British Airways has made an investment in sustainable fuel, announcing plans to develop Europe’s first plant to turn household and commercial solid waste into fuel.
Altalto Immingham Limited, a subsidiary of renewable fuels company Velocys and a collaboration with BA and Shell, has submitted a planning application to develop a site in Immingham, north east Lincolnshire, close to the Humber Estuary.
The plant would be designed to take more than half-a-million tonnes per year of non-recyclable household and commercial solid waste that would normally be sent to landfill or incineration, such as meal packaging, nappies and takeaway coffee cups and convert it into “cleaner burning” aviation fuel, according to BA.
Velocys claims the technology will reduce greenhouse gas emissions by 70 per cent for every tonne of sustainable jet fuel that replaces the equivalent conventional fossil fuel – equivalent to taking up to 40,000 cars off the road.
BA says it intends to purchase fuel produced at the plant for use in its aircraft. According to the airline, the move is a step in its effort to reduce its carbon emissions as the aviation industry targets carbon-neutral growth from 2020 and a 50 per cent reduction on 2005 levels by 2050.
The airline also claims the fuel will result in a 90 per cent reduction in soot from aircraft engine exhausts and a nearly 100 per cent decrease in sulphur oxides, which can cause eye, lung and throat irritation.
The announcement comes after calls from the International Air Transport Association (IATA) for 1 billion passengers globally to travel on flights operated using sustainable fuel by 2025. Airlines have denounced an EU-commissioned report that claimed taxing aviation fuel would lead to a reduction in carbon emissions by saying the better option would be to develop regulation that provides incentives for carriers to use sustainable fuel.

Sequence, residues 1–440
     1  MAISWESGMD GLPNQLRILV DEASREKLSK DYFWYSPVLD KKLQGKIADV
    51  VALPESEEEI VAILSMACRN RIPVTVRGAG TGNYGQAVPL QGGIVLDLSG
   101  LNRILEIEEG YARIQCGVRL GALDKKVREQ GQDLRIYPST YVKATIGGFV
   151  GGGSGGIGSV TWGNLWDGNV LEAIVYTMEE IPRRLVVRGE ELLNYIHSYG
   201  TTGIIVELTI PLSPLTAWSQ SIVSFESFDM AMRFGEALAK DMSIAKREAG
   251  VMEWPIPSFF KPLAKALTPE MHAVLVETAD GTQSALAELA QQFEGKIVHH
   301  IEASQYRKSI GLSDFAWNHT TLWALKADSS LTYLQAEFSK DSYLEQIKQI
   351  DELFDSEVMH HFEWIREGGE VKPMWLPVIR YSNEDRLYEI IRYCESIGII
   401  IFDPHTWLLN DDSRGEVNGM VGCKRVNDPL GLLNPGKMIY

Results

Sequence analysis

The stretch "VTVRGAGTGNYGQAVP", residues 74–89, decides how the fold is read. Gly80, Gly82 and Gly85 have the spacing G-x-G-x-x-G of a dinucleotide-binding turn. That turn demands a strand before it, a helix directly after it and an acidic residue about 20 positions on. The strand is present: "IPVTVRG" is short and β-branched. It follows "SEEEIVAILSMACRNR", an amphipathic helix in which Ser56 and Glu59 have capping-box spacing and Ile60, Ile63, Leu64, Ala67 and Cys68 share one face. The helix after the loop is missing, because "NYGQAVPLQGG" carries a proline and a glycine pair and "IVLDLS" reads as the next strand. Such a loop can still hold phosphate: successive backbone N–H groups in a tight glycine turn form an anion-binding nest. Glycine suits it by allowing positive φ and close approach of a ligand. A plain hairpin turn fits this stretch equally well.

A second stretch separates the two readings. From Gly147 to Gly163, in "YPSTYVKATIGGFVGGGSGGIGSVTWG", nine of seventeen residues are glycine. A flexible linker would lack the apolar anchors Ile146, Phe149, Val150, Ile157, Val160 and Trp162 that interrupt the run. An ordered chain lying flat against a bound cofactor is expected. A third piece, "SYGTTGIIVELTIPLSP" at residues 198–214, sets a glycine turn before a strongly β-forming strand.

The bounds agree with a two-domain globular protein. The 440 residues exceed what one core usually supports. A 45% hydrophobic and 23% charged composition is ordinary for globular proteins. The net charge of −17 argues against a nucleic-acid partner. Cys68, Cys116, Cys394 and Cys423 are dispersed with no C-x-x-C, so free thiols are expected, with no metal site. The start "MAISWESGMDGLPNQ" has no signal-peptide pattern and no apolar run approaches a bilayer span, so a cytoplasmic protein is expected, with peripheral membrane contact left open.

BA CEO Alex Cruz commented: “The submission of the planning application marks a major milestone in this project and we are delighted with the progress being made. Sustainable fuels can be a game changer for aviation, which will help power our aircraft for years to come. This development is an important step in the reduction of our carbon emissions and meeting the industry targets… It also brings the UK another step closer to becoming a global leader in sustainable aviation fuels.”
Jonathan Counsell, head of sustainability at BA owner International Airlines Group (International Airlines Group - the parent company of British Airways and Spain's Iberia which was created by the merger of the two carriers in 2010), said: “This is a fantastic step forward for the project. We strongly welcome the inclusion of sustainable aviation fuels into the renewable transport fuels policy framework and call on government to continue to provide support given the significant near-term opportunities offered by these fuels.
“Specifically, we strong believe a dedicated Office for Sustainable Aviation Fuels (OSAF) will provide the essential cross-government co-ordination necessary to progress the development and commercial deployment of sustainable aviation fuel and would welcome government support in setting this up at the earliest opportunity.”
International Airlines Group - the parent company of British Airways and Spain's Iberia which was created by the merger of the two carriers in 2010 says it is investing US$400 million into the development of sustainable fuel over the next 20 years.
Velocys CEO Henrik Wareborn added: “This will cut greenhouse gas emissions from aviation, as well as improving air quality and helping to tackle our waste problem. This is a vital step towards the ultimate goal of living in a net zero carbon world by the middle of the century.”